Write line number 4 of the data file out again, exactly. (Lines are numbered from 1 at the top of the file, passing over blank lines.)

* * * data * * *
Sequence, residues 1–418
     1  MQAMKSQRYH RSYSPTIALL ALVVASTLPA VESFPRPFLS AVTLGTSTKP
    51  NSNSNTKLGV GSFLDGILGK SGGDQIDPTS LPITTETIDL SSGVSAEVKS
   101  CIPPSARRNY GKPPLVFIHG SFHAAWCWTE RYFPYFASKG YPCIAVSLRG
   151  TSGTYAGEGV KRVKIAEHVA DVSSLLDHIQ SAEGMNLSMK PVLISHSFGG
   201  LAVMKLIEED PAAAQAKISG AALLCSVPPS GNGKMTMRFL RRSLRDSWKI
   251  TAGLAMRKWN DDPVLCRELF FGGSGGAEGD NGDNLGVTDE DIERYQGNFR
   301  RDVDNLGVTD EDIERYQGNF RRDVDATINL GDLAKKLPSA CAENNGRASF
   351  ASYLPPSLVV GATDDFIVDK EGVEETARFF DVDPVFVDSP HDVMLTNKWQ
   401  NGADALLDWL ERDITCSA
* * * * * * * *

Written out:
   101  CIPPSARRNY GKPPLVFIHG SFHAAWCWTE RYFPYFASKG YPCIAVSLRG